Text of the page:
Journey - Purpose

The NorthCoast500 is the UK equivalent of Route 66 and is one of those trips of a lifetime. A 500-mile trip from Inverness to John O’Groats, along the north coast of Scotland to Durness and then down the west coast of Scotland and back to Inverness. This summer, my wife and I chose it as a road trip to celebrate our 30th Wedding Anniversary. It was a fabulous journey, but as with any journey, along with the destination, it needs a reason ‘why’ for the journey. It needs a purpose. In this case we went a) to see the stunning Scottish Scenery and b) to spend some time together and to have a mini adventure.

We need a purpose for our trips, our journeys. This is particularly important when you encounter challenge on your journey. One part of the NorthCoast500 has the infamous ‘Applecroft pass’. A single-track mountain edged drive that has even the most experienced driver focused and gripping the steering wheel. When you are on that, feeling the fear and the challenge, knowing why you are doing it is important to keep you going.

The purpose of the journey

Leadership is about taking people on a journey. A journey from here to there. A journey from where we are now to a better place. When taking people on this journey, the purpose of the journey and helping people align their purpose to the leadership purpose is crucial for taking people with you on the journey. For many people, this September, they will return from Holiday to hear the next initiative that their leaders are launching. Crucial to their engagement will be for them to understand the reason or purpose of this initiative. People buy into a why, they don’t buy into a what.

Compare these two statements about a new initiative:

  • “We are going to switch to a new activity management system.”

  • “In order to take up less of your time and avoid missing important tasks for clients, we are going to switch to a new activity management system.”

The first one just has the ‘what’ that is going to be the destination. The second one has the ‘why’ and the ‘what’. I don’t know about you, but for me, having the reason why we are changing helps me to consider buying in far more easily.

So, as you plan the leadership journey that you are going to take people on consider the key aspect of purpose.

  • What is the reason for us doing this?

  • How will it help the people and the organisation? What impact could it have?

  • What things are my people interested in? What impact might they be looking for?

  • What is each individual person driven by? What is their personal ‘why’?

Then explaining the reason in those terms is likely to help them engage.

Your purpose

One of the most powerful pieces of work that I do with those that I coach, is help them discover their personal purpose. Many of us know what we do. Maybe we even know what we enjoy doing. But for many people, going to that next step and considering what is your personal purpose is, has not been something they have considered.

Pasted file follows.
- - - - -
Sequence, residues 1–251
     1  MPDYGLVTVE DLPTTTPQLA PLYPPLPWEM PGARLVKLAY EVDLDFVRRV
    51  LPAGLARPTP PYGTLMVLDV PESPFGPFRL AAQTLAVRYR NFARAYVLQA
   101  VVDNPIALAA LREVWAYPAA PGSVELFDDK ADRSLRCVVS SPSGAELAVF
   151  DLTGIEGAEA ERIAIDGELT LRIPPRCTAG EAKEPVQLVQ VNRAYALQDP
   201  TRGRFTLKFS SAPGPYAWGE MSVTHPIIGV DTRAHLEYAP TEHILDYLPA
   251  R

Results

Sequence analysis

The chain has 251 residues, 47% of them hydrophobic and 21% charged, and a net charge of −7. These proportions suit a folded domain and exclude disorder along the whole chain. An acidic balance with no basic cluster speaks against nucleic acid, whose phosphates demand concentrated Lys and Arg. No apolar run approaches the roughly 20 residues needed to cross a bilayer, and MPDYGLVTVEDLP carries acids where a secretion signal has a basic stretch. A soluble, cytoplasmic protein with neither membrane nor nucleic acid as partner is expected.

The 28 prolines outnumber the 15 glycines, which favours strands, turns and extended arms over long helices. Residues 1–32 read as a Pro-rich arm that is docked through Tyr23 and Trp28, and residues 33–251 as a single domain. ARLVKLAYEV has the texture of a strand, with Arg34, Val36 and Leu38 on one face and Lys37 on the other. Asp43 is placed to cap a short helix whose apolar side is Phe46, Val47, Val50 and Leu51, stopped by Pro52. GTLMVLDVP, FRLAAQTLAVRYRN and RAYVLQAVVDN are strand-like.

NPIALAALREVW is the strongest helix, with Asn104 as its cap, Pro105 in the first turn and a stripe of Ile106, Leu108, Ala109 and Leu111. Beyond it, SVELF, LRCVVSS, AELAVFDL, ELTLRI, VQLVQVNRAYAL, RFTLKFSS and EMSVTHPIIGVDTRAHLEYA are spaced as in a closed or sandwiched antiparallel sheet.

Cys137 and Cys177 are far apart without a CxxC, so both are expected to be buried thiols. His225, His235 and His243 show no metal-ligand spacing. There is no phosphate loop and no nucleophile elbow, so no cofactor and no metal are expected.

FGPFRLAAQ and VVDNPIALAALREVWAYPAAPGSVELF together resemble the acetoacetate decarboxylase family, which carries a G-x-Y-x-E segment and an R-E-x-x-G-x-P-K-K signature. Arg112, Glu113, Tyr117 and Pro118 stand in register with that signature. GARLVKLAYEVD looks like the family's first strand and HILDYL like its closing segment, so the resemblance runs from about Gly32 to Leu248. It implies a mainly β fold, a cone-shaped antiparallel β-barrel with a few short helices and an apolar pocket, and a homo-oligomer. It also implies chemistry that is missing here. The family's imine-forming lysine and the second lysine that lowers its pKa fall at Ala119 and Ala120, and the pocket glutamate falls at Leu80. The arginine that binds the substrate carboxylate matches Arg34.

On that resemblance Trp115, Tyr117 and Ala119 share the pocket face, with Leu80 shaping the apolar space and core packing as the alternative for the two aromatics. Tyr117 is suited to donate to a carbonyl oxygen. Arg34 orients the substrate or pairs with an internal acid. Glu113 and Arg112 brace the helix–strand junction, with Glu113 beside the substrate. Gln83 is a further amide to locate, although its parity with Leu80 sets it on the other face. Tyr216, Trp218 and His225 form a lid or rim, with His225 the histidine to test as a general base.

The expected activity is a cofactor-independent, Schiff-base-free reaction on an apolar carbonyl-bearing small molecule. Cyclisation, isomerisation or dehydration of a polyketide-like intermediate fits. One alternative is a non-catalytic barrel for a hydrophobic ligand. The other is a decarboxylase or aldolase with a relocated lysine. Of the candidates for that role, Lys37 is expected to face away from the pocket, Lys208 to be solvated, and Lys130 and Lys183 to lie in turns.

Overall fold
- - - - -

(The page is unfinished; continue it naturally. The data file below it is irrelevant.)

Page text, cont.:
Michael Jnr, in one of his Youtube videos, explains the importance of purpose. He says, “when you know your why, your what has more impact because you are walking in or towards your purpose.” My purpose is to ‘empower’. I ‘inspire and equip’ people to see themselves of leaders of their lives and situations. The vehicles that I do this through is the coaching, training, podcasts and blogs. Knowing your purpose allows you to focus on things that fulfil that purpose. It allows you to decide where to work, what to say yes to and what to say no to. I get joy when I help people to do that. I get a friction ‘rub’ when I see the opposite happening for people. The Japanese have a word, Ikagai, which is when people discover their ongoing purpose and seek to live it out and use it in everyday situations. So, for me, when I’m in a conversation, I seek to bring empowerment to it. When I am meeting someone new, I explore what bringing empowerment looks like in this situation.

When you know your purpose, it helps you decide what to align with. When you know other people’s purpose, you can help them to see how they can support and contribute to the leadership direction. When working with a team, our aim as leader, is to create a metaphorical patchwork quilt of purpose, where each person’s personal ‘why’ can enhance the overall beauty and contribution to the overall picture and direction. Each person knowing how they contribute.

Next time you have somewhere you need to take your team, consider your ‘why’ and their ‘why’ and how the two align. Start with the why in your first clause or sentence. It certainly helps get buy in and it definitely helps when the journey gets rocky as they are invested in it.

Everyday Leader is here to empower, inspire and equip you. If you would like to explore your ‘why’ and purpose, you may benefit from coaching with us. If we can help you find a way forward, through coaching, do make contact with us at .

Do let us know if we can be of help to you!

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